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Golf 8

Image credit: Suhaimi Abdullah/SportSG

Competitive golfers may choose between two types of playing methods - match play and stroke play. While both equally challenging, requiring skill and discipline, each style has its own set of playing rules and penalty systems.

A game where an individual golfer competes against another, or a team of golfers compete against another team, match play involves hole-by-hole challenges. The number of holes to be played will be established before a game begins, and the players will try to get their balls into each hole in the fewest strokes possible. A hole is won by the team or player who gets the ball into the hole in fewer strokes. This constitutes one point. The losing side will be awarded no points. Should both sides use an equal number of strokes to get their balls into the hole, half a point will be given; the hole will be considered “halved”.

When one team has achieved a score greater than the number of remaining holes that have to be played, the game will be won by them. If the match ends in a tie, it may be extended till one side wins. Should anyone find that it is impossible for them to win a particular hole or match, they may decide to give up, or “concede”. This concession is final, and may be neither rejected nor receded.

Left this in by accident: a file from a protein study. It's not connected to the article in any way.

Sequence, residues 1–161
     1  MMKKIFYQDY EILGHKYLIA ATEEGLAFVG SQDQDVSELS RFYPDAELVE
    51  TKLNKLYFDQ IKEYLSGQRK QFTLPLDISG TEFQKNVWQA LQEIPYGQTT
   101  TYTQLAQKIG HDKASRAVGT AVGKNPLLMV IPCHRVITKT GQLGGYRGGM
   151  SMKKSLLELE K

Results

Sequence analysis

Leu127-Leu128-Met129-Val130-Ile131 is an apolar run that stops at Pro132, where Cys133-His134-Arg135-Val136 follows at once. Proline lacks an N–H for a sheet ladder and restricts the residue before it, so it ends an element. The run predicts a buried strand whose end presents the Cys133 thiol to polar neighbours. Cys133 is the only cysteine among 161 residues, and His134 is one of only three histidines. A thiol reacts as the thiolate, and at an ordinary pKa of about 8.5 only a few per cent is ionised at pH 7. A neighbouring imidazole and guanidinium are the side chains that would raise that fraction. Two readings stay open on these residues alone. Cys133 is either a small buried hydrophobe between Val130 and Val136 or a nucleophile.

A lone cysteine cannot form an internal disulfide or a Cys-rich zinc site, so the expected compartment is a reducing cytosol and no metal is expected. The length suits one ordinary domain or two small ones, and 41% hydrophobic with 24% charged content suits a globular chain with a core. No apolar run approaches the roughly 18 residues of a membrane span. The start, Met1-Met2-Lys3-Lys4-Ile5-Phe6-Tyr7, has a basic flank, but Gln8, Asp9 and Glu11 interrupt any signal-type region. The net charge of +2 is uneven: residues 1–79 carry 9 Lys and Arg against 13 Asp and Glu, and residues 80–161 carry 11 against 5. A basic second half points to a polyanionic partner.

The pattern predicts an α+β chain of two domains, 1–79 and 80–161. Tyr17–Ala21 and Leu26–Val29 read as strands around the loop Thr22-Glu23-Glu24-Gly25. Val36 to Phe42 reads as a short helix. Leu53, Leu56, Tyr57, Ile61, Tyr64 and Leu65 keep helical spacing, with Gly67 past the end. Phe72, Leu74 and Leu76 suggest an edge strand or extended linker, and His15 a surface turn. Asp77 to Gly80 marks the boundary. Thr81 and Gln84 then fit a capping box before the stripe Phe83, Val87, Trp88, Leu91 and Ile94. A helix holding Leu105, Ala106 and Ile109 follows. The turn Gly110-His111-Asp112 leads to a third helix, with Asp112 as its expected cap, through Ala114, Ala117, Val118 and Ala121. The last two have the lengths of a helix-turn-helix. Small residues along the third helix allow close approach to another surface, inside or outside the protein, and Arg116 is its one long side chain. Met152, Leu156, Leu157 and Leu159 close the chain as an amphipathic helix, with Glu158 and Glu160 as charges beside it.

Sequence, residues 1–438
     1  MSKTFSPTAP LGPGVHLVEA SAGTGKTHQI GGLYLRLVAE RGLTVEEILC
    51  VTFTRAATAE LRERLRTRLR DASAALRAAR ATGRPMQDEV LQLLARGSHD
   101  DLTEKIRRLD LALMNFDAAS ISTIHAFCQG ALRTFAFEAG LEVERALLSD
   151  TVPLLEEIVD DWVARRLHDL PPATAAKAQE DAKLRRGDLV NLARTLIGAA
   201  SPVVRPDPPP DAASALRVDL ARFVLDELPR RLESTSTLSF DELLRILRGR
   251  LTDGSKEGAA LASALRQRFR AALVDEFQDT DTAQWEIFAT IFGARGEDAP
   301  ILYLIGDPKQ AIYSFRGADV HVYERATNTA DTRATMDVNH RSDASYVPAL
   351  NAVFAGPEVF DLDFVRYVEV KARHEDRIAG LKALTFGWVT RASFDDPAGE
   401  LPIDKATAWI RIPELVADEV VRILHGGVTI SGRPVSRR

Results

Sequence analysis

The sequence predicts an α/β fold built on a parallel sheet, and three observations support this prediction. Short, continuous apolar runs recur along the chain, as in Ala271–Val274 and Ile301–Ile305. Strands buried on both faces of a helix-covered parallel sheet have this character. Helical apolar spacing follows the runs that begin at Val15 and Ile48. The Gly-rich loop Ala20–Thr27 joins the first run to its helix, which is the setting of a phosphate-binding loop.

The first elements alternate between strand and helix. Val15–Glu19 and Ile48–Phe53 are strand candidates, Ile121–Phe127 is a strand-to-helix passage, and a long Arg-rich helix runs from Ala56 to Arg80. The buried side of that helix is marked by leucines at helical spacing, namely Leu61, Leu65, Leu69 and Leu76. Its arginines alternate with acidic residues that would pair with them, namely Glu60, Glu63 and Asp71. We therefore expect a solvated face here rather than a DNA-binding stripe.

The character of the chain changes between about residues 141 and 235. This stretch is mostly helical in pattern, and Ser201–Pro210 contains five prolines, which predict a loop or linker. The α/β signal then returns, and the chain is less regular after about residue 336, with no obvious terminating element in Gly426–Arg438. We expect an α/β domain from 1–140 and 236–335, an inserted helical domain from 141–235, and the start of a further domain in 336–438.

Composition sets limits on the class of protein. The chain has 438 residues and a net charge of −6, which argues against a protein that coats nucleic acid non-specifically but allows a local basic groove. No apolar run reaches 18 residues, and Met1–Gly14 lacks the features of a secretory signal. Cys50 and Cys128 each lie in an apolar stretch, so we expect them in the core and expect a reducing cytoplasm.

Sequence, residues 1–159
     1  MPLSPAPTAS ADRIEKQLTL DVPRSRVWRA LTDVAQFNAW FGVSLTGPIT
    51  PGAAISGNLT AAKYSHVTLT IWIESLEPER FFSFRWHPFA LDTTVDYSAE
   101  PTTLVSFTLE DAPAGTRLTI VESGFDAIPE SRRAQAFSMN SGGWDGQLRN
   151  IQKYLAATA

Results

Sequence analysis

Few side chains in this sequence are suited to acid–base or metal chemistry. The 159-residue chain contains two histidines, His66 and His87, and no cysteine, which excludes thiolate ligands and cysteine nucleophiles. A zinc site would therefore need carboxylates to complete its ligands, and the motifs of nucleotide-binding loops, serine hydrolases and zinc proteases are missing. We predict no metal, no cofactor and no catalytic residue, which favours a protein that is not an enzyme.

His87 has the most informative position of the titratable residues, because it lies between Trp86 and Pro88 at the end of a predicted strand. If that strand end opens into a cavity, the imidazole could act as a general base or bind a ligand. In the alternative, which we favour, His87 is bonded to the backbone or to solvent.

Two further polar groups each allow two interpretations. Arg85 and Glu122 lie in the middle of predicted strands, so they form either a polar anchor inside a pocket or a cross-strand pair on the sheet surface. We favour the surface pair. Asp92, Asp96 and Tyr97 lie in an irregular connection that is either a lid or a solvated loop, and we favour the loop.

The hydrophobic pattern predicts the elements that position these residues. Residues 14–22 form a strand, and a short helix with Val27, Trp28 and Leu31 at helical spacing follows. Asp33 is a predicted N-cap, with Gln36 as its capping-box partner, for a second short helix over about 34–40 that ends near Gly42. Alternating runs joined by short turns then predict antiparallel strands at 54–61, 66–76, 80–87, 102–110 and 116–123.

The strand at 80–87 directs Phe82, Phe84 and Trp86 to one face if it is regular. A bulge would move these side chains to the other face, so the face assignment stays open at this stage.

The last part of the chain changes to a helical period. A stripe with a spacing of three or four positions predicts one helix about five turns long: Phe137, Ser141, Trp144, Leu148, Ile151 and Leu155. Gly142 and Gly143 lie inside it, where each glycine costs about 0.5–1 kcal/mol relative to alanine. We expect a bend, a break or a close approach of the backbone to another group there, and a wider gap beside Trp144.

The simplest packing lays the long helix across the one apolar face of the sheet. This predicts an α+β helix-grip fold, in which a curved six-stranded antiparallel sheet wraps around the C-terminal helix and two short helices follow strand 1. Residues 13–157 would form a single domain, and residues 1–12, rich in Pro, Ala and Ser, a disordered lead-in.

Stroke play, on the other hand, involves a group of opponents competing among each other to complete a round. Their total score, which is the addition of all the strokes - including penalty ones - that they have played per hole, will be recorded. The fewest number of strokes taken to complete the entire round, made up of a stipulated number of holes, will indicate the winner.

Some key differences between match play and stroke play in penalty-giving include the following:

Playing out of turn while competing in match play leaves you at the hands of your opponents. Opponents may decide whether or not to make you play the shot again in the correct order, counting only that shot - even if your first shot was better. In stroke play, however, if you play when it’s not your turn, no penalties will be given, although it is considered rude.

If you begin a game by teeing off from an incorrect spot, that is, outside of the teeing ground, your opponents may decide to make you play the stroke again from the right position under match play rules. However, a penalty of two strokes will be doled out if this mistake were to be committed in a stroke play game.

Should a ball that you have played hit anyone or anything in match play, you may redo the shot, playing again from where you were. However, in a stroke play competition, the ball must be played from where it stops moving.

On the putting green, if your putt happens to hit another ball, there will be no penalties given in match play. In stroke play, however, such a situation will cause the player to be penalised two strokes.

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